• analyse the results to see how changing the conc affects the rate, work out rate equation
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RATES AND REACTION MECHANISMS

Rate determining step is the slowest step in a multistep reaction

Reactants in the rate equation affect the rate

  • if a reactant appears in the rate equation, it must be affecting the rate so this reactant must be in the rate determining step
  • if a reactant doesn't appear in the rate equation it must be involved in a faster step
  • rate determining step doesn't have to be the first step in a mechanism
  • reaction mechanism can't usually be predicted from just the chemical equation

You can predict the rate equation from the rate determing step

  • order of a reaction with respect to a reactant shows the no. of molecules of that reactant which are involved in the rate determining step
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HALOGENOALKANES AND REACTION MECHANISMS

-

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HALOGENOALKANES AND REACTION MECHANISMS

-

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ACTIVATION ENERGY AND CATALYSTS

Use the Arrhenius equation to calculate the activation energy

  • k = rate constant
  • Ea = activation energy (J)
  • T = temp
  • R = gas constant (8.31 JK^-1mol^-1)
  • A = another constant
  • as the Ea gets bigger, k gets smaller . So a large Ea will mean a slow rate
  • as temp. rises, k increases

you can use this equation to create an Arrhenius plot by plotting ln k against 1/T whch produces a graph with gradient of -Ea/R and rearrange to find Ea

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ACTIVATION ENERGY AND CATALYSTS

Catalysts lower the activation energy

catalyst - increases the rate of a reaction by providing an alternative reaction pathway with a lower activation energy. The catalyst is chemically unchanged at the end of reaction.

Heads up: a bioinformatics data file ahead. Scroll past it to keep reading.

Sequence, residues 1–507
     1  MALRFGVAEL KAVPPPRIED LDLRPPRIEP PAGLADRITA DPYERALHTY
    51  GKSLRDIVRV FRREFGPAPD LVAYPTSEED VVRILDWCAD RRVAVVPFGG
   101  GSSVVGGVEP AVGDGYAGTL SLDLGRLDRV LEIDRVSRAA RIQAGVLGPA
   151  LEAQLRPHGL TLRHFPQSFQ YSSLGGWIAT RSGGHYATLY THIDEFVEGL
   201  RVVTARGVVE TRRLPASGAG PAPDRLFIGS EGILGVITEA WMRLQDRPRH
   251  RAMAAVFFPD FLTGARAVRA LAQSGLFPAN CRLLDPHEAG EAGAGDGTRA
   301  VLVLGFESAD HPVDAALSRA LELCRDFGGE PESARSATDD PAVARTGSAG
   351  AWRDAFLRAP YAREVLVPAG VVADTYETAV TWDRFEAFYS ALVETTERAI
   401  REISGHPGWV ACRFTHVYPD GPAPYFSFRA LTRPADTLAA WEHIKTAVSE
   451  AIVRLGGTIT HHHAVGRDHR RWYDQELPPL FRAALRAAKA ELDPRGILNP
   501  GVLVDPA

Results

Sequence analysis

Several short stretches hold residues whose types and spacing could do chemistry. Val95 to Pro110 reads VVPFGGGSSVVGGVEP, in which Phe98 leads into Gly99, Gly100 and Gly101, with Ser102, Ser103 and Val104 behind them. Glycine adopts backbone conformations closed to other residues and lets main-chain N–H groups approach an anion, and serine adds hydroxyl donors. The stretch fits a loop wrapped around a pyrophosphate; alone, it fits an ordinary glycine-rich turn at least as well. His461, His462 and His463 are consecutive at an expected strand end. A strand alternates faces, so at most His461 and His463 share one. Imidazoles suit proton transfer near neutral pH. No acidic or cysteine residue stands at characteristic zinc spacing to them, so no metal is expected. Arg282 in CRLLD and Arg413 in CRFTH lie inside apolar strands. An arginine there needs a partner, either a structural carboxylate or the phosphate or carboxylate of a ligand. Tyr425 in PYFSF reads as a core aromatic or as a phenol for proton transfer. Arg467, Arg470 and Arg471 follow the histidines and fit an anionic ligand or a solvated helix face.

• don't get used up in the reaction so you only need a little bit of catalyst to catalyse a huge amount of stuff. they all take part in the reaction but are remade
  • have high specifity - catalysts pick and choose which reactions they catalyse

homogeneous catalysts are in the same state as the reactants

heterogenous catalysts are in a different physical state from the reactants

  • solid - provide a surface for the reaction to take place on so usually a mesh or fine powder to increase surface area
  • can be easily separated from the products and leftover reactants
  • can be poisoned though - poison - subtance that clings to the catalyst's surface more strongly than the reactant, stopping the catalyst from getting involved in the recation it is meant to be speeding up  
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ACTIVATION ENERGY AND CATALYSTS

enthalpy profiles and maxwell-boltzmann distribution curves show why catalysts work

  • alternative pathway with lower Ea - more particles with enough energy to react when they collide so in a certain amount of time, more particles will react
  • saves a lot of money in industry because they mean reactions can happen at lower temps.   
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Comments

Jordan_H

I believe the 9th slide is wrong. The gradient of a lnK v 1/T graph is Ea/RT, you're getting it confused with a graph of ln1/t v 1/T which has the gradient of Ea/R 

Jordan_H

Woops... I just read the revision guide wrong, ignore that comment